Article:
Sermon: Hilary of Poitiers

In Spain there is a statue honoring Christopher Columbus who died in 1506. One of the features of the memorial is a statue of a lion destroying one of the Latin words that had been part of Spain’s motto for centuries. Before Columbus made his voyages, the Spanish thought they had reached the outer limits of the earth. Thus their motto had been “Ne Plus Ultra,” which means “No More Beyond.” The word being torn away by the lion is “Ne” or “no,” making it read “Plus Ultra.” Columbus had proven that there was indeed “more beyond.”

It seems that there was also such a spirit of discovery in our saint for today, Hilary of Poitiers, yet instead of searching for new worlds, Hilary was searching for God and every time someone tried to tell him that there was no more, he kept searching.

He grew up worshiping the pagan gods, but one day, as he tells us, he “chanced upon” the Hebrew Scriptures. It was here that he discovered God’s Name that God had spoken to Moses: “I AM WHO I AM.” Hilary says, “I was frankly amazed at such a clear definition of God, which expressed the incomprehensible knowledge of the divine nature in words most suited to human intelligence.” He had begun his search, but also believed that the God of creation would not leave that creation to simply return to the dust, so he continued the search and in doing so, discovered the readings of the New Testament, and it was in reading the prologue to John’s Gospel that he found the truth he had been searching for: “In the beginning was the Word, and the Word was with God, and the Word was God. He was in the beginning with God….” His soul found peace in Jesus. “No longer did [my soul] look upon the life of this body as troublesome or wearisome, but believed it to be what the alphabet is to children… namely, as the patient endurance of the present trials of life in order to gain a blissful eternity.”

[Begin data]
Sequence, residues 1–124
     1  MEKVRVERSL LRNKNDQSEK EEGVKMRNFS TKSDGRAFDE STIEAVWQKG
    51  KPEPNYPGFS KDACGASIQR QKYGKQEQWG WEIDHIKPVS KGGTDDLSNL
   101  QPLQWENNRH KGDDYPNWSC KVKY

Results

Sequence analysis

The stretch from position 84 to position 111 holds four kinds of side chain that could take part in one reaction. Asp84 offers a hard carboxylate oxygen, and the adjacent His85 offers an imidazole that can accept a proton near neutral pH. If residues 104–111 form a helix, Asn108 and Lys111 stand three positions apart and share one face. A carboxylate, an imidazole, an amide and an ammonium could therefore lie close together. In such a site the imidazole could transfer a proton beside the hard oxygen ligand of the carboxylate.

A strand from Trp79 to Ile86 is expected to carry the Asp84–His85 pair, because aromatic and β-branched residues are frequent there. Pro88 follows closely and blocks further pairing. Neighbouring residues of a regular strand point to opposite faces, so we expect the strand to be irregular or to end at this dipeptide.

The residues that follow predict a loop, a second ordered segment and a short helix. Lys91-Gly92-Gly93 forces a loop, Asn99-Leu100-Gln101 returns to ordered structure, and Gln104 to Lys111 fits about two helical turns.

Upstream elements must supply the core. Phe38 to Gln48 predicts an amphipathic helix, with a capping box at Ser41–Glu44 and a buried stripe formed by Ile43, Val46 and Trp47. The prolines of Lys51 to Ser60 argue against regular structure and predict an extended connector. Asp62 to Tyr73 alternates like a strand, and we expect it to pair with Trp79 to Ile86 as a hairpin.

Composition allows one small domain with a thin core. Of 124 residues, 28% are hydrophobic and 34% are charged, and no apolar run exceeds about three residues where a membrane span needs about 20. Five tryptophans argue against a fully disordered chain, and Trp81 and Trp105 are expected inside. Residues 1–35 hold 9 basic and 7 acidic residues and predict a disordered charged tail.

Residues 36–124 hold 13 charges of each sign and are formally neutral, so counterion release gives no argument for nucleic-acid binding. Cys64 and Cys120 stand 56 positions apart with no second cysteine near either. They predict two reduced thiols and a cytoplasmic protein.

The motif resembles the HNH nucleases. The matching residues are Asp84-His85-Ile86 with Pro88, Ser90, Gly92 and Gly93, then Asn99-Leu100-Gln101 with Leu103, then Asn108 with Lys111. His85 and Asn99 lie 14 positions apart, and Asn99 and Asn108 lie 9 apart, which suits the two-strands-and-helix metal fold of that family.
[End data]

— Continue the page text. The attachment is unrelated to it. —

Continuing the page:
With that knowledge, he would go on to become a bishop of the Church and a defender of the Nicene Creed against the Arians. This led to a three year exile, but he seems to have been relatively unconcerned, but definitely not silent. He wrote letters to the Emperor, argued with the Arian Bishops and produced a great deal of poetry and some of the earliest hymns of the church, one of which is contained in our hymnal.

Hail this joyful day’s return,
Hail the Pentecostal morn,
Morn when our ascended Head
On His Church His Spirit shed.
Like to cloven tongues of flame
On the twelve the Spirit came;
Tongues, that earth may hear the call;
Fire, that love may burn in all.

Hilary died on this day in the year 368, but it is clear that the Spirit and love of God burned brightly in him. Augustine called him “the illustrious doctor of the Churches.” Jerome considered him “the trumpet of the Latins against the Arians.” Today, we remember him as such, but also as one who was willing to put in the work to discover the truth. I encourage you to join with Hilary in seeking the truth and deeper knowledge of God through the reading and study of Holy Scripture.

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